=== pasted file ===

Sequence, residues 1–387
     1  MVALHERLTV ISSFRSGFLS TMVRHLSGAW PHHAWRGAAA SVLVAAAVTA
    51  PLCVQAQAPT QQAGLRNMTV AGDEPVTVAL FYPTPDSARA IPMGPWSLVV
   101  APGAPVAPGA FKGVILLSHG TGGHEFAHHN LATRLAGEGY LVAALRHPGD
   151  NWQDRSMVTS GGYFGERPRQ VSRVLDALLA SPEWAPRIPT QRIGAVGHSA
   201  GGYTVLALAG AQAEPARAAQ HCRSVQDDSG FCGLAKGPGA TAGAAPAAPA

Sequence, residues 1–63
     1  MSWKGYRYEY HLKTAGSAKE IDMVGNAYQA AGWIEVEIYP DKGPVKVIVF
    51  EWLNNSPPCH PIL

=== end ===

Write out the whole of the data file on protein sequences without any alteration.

Sequence, residues 1–387
     1  MVALHERLTV ISSFRSGFLS TMVRHLSGAW PHHAWRGAAA SVLVAAAVTA
    51  PLCVQAQAPT QQAGLRNMTV AGDEPVTVAL FYPTPDSARA IPMGPWSLVV
   101  APGAPVAPGA FKGVILLSHG TGGHEFAHHN LATRLAGEGY LVAALRHPGD
   151  NWQDRSMVTS GGYFGERPRQ VSRVLDALLA SPEWAPRIPT QRIGAVGHSA
   201  GGYTVLALAG AQAEPARAAQ HCRSVQDDSG FCGLAKGPGA TAGAAPAAPA

Sequence, residues 1–63
     1  MSWKGYRYEY HLKTAGSAKE IDMVGNAYQA AGWIEVEIYP DKGPVKVIVF
    51  EWLNNSPPCH PIL